King Moves

The King can move in any of the 8 directions (up, down, left, right, and 4 diagonals), but only 1 square at a time. The King moves slowly. It can only move to the squares immediately adjacent to the King’s square. The King is allowed to move forwards or backwards, anywhere on the board, provided that it doesn’t stray into check.

Castling Move

There is one special move called “Castling” where the King moves 2 squares towards its own Rook, then the Rook is jumped over to the other side of the King. The squares between the King and its Rook must be empty, so no jumping is possible. There are also a number of other special “Castling Rules” such as that you are not allowed to “Castle Out of Check”.

King Capture Moves

Kings are allowed to capture enemy pieces. They can attack a piece and may capture it. However, Kings are limited in that they are never legally allowed to be under attack. So a King cannot take an enemy piece if that piece is actually protected by a second enemy piece or pawn. If it did, then the second enemy piece would take the King (game over). But a King can take an unprotected piece and it is a common beginner mistake to put a Queen up on the King and announce “checkmate”, when in fact the King can simply take the Queen.


Checks against the King are a special situation in chess. In the usual rules, you cannot leave your King in check, or move the King into check, or move a pinned piece thereby creating check. If the King is left in check, this is an “illegal move” and must be undone. Only in some different tournament rules, such as in “Lightning Chess”, is it allowed to “take the King” (which wins in these tournaments) rather than re-play the illegal move. In slower tournaments, the players must undo the illegal move, and play something else.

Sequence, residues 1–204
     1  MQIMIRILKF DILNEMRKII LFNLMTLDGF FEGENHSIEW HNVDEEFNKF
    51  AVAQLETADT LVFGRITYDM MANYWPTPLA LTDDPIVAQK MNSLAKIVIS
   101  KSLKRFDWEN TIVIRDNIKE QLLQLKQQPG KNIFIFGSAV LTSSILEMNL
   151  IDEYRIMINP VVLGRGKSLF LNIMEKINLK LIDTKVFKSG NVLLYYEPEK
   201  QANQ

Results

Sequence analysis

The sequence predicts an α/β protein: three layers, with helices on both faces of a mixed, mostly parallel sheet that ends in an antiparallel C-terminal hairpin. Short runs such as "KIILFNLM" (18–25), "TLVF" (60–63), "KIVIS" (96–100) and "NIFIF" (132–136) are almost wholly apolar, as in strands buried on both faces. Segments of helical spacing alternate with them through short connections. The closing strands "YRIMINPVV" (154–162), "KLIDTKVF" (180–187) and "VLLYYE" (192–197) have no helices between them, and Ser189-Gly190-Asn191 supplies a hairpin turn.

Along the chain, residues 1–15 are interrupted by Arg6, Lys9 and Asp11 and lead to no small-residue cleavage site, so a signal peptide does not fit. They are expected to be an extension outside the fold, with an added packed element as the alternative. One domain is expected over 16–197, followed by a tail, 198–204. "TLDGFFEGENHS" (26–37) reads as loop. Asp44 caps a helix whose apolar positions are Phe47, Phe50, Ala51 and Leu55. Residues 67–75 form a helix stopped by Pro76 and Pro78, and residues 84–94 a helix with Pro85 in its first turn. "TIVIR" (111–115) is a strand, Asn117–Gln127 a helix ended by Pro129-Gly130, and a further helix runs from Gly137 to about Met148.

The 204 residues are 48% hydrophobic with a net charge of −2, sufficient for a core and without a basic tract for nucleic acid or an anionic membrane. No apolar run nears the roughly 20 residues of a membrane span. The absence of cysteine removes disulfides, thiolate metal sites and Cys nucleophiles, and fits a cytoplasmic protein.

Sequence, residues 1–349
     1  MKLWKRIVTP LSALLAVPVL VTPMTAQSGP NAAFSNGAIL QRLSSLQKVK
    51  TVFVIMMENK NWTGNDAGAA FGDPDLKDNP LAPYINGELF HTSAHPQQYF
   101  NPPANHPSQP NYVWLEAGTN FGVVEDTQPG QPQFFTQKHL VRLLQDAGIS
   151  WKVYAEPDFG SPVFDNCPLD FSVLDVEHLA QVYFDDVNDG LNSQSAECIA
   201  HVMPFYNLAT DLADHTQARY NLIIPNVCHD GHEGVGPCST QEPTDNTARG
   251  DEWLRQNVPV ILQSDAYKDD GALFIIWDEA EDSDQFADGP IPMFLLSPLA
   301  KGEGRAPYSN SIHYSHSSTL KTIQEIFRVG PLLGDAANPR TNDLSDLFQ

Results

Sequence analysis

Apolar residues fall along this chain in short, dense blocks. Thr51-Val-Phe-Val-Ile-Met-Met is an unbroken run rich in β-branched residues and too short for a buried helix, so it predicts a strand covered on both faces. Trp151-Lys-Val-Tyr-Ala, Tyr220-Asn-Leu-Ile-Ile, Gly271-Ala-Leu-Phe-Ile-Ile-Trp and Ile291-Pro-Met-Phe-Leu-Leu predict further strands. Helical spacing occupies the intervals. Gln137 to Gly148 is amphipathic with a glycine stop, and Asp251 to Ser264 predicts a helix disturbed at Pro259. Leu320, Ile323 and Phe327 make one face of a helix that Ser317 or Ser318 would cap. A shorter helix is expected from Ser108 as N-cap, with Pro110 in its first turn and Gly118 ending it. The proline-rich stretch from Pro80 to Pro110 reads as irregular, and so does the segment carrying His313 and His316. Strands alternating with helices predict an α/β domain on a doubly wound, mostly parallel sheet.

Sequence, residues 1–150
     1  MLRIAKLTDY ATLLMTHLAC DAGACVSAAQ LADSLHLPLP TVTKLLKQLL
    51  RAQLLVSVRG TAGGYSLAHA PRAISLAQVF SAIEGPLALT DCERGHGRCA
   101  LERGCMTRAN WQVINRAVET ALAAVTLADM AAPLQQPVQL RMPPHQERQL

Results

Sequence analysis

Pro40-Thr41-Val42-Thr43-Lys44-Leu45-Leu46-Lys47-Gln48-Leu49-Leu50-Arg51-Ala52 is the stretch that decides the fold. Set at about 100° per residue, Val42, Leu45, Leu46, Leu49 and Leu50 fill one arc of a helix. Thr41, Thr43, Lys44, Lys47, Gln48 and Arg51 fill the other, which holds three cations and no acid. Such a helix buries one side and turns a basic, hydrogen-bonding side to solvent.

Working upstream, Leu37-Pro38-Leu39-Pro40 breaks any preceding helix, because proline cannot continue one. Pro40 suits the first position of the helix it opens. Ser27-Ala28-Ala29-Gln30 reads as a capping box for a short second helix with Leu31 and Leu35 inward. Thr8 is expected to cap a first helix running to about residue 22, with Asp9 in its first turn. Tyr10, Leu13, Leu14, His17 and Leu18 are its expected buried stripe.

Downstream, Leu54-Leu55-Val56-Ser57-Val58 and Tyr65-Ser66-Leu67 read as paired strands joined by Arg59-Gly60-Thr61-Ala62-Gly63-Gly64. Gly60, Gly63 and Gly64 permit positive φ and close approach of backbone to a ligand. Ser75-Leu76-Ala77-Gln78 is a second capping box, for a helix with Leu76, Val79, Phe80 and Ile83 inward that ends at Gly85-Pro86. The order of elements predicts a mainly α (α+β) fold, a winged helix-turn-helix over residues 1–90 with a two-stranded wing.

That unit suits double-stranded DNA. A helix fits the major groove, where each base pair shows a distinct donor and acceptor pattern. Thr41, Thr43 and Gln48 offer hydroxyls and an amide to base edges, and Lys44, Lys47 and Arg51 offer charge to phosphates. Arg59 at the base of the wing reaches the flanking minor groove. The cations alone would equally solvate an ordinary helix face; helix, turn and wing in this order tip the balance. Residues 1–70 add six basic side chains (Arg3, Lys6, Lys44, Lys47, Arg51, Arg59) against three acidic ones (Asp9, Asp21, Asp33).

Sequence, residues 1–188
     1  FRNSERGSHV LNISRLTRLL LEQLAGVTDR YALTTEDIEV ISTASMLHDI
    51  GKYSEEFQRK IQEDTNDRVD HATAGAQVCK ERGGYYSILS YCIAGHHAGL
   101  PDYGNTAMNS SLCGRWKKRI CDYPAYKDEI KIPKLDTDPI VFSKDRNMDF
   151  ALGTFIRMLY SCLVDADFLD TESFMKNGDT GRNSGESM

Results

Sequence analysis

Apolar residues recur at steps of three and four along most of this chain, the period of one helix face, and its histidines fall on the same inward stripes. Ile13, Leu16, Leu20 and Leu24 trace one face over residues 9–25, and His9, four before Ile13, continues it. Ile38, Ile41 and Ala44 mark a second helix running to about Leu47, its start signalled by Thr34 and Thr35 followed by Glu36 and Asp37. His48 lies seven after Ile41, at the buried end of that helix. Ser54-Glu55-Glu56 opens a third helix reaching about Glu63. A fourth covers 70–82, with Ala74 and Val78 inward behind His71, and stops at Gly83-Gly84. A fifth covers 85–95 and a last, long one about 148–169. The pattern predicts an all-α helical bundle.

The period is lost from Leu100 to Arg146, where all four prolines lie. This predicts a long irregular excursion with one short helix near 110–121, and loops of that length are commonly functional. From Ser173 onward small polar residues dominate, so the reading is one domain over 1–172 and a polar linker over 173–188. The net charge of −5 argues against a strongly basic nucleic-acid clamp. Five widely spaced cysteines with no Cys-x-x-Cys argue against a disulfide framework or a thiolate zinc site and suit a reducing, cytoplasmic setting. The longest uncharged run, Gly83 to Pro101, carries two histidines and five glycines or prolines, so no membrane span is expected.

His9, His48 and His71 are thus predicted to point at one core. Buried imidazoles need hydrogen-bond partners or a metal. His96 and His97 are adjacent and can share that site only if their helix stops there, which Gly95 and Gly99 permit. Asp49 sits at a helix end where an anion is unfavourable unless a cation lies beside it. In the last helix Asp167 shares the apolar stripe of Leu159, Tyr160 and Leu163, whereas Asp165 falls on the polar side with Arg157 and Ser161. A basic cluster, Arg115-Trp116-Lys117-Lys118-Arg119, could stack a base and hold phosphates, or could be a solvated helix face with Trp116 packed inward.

Two Kings Cannot Meet

One particular limitation is that two Kings can never approach each other. They can only get as close as having one empty square between them (called “The Opposition”). A King cannot attack the other King, nor can it capture the other King, except in rare situations in rapid-play tournaments where illegal moves and “take the King” is an allowed way to win.

Related Chess Rules Topics

Read more about these related chess rules, chess puzzles, and other chess tactics and strategies: